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Dynamic Multi-Buffering and Asynchronous I/O Performance Enhancements for Data Set Translation

IP.com Disclosure Number: IPCOM000043554D
Original Publication Date: 1984-Sep-01
Included in the Prior Art Database: 2005-Feb-05
Document File: 7 page(s) / 62K

Publishing Venue

IBM

Related People

Aiken, JA: AUTHOR

Abstract

The disclosed method for converting some business/personal computer (PC) data sets into documents that can be processed by a word processor (WP) on a small system attempts to maximize performance through asynchronous input/output operations for the storage devices, and through minimizing media handling by the operator. In particular, small systems support a number of different configurations, including options which vary the number of storage devices, to allow the customer various cost/performance trade-offs. Performance during conversion is influenced most heavily by two factors: input/output time for the storage media, and the number of times the operator must intervene to handle storage media (such as swapping diskettes in a single diskette drive).

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Dynamic Multi-Buffering and Asynchronous I/O Performance Enhancements for Data Set Translation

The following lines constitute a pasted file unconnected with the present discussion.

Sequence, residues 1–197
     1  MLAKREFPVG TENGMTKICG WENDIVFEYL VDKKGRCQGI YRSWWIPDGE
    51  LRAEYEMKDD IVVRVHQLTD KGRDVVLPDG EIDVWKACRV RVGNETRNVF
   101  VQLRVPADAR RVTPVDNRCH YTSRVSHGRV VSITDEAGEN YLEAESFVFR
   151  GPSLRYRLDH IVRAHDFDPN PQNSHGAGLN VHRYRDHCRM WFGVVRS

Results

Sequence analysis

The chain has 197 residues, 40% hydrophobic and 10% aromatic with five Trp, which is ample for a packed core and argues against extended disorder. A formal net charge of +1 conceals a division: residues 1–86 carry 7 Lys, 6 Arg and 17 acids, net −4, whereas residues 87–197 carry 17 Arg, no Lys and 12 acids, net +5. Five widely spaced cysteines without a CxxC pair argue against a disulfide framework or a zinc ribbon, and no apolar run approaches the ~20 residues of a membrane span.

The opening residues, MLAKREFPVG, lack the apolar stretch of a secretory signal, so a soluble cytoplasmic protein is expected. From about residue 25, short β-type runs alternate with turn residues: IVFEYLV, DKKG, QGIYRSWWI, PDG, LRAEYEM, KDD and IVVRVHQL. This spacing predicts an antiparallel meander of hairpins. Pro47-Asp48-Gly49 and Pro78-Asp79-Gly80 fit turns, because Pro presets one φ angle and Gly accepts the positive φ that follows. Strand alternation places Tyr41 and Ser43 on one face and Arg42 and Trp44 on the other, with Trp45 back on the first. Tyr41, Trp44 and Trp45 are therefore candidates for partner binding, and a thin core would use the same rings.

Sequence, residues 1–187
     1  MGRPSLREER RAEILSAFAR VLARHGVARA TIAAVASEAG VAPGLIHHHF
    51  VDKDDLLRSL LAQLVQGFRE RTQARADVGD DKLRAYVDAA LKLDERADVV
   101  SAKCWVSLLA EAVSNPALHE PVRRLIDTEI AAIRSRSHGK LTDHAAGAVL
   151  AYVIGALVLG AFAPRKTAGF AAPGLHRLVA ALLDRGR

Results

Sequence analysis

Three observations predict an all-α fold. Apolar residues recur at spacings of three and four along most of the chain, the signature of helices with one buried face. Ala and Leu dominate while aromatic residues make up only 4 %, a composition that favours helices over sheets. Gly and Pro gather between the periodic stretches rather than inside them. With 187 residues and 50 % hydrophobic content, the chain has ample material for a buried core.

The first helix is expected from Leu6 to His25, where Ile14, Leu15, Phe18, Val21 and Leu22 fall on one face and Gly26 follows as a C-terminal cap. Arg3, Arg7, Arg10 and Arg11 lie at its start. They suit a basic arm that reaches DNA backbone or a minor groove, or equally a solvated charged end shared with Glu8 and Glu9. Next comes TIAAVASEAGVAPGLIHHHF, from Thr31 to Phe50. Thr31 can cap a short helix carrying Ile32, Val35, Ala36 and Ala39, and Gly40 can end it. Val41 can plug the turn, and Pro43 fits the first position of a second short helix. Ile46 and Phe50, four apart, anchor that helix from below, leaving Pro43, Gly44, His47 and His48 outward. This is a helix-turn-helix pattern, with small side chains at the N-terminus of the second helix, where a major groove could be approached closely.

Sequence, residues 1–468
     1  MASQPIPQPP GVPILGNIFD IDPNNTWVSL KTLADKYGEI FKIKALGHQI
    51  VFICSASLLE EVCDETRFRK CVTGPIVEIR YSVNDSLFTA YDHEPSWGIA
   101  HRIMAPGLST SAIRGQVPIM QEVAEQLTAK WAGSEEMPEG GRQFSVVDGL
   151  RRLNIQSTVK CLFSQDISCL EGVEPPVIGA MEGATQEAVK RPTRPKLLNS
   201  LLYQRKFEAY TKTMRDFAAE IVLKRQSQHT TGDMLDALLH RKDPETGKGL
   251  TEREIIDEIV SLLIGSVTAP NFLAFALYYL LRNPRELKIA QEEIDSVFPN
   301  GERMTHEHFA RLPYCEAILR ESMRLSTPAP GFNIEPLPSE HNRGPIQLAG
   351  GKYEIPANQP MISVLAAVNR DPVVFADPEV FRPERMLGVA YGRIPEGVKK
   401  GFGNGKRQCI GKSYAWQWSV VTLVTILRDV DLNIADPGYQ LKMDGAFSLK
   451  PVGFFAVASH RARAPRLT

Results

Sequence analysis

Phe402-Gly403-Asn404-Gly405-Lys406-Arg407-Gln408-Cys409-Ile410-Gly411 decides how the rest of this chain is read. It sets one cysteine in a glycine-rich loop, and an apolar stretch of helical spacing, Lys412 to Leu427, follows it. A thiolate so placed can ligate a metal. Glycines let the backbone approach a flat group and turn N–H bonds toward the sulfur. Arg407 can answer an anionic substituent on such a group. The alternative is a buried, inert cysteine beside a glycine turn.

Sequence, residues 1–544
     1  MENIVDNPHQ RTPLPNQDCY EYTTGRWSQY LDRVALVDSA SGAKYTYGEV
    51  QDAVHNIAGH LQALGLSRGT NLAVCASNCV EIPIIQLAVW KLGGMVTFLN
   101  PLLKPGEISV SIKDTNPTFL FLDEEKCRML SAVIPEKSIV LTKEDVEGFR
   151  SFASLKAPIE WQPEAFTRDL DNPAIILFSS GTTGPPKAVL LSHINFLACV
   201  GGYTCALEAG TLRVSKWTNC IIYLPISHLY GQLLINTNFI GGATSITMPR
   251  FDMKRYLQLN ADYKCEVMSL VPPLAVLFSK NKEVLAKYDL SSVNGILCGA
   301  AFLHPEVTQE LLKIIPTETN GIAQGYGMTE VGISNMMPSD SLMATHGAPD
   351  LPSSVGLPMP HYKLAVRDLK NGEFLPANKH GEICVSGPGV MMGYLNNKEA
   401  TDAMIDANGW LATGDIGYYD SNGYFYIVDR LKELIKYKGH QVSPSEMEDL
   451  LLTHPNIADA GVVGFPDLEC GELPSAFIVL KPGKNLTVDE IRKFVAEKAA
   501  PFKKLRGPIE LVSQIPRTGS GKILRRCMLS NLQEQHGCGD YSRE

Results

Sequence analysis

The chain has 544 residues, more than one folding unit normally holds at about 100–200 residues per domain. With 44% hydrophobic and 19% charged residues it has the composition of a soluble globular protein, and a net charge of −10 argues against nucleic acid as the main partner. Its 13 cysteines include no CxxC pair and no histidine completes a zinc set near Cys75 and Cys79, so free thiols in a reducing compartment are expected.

The disclosed method for converting some business/personal computer (PC) data sets into documents that can be processed by a word processor (WP) on a small system attempts to maximize performance through asynchronous input/output operations for the storage devices, and through minimizing media handling by the operator. In particular, small systems support a number of different configurations, including options which vary the number of storage devices, to allow the customer various cost/performance trade-offs. Performance during conversion is influenced most heavily by two factors: input/output time for the storage media, and the number of times the operator must intervene to handle storage media (such as swapping diskettes in a single diskette drive). The disclosed method configures itself to take into account the initial system available media device configuration, and dynamically reconfigures itself during conversion if a more optimal state is possible. A small business/personal computer may support several applications, each tailored to the particular user set. Business computer applications require a general-purpose system which is very flexible, and which may be used under a large variety of situations. PC data sets, in particular, are designed to be able to support a large variety of business or personal applications. This means that the data set structure and data stream architectures should be very simple and extendable to many applications. Since business computer situations require user-programmability, one of the significant design considerations is a system which is simple, easy to program, and tolerant of user errors. Word processing (WP) applications present special performance and function requirements. To provide optimum function for a word processing user, the system and application programming may be specifically tailored to the unique WP requirements. Data set structures and data stream architectures, in particular, may be very complex, and may be designed specifically for WP needs. Since the aim of a WP user is to create and revise documents as quickly and as easily as possible, performance of a WP system is critical to user acceptance. Furthermore, a dedicated WP software system is normally aimed at non-programmer users, so user-programmability is not a main criterion of the system. This does not mean that the total system should not be programmable. It means that WP software may be optimized for performance, and not for user-programmability, especially when other software (PC programming, for example) is available for non-WP tasks. One way to achieve the above is to provide separate operating systems for PC and WP, each optimized for the specific task and user set. Transitions between the two systems are marked by complete program loads (termed IPL). When such an approach is adopted, one way to improve the performan...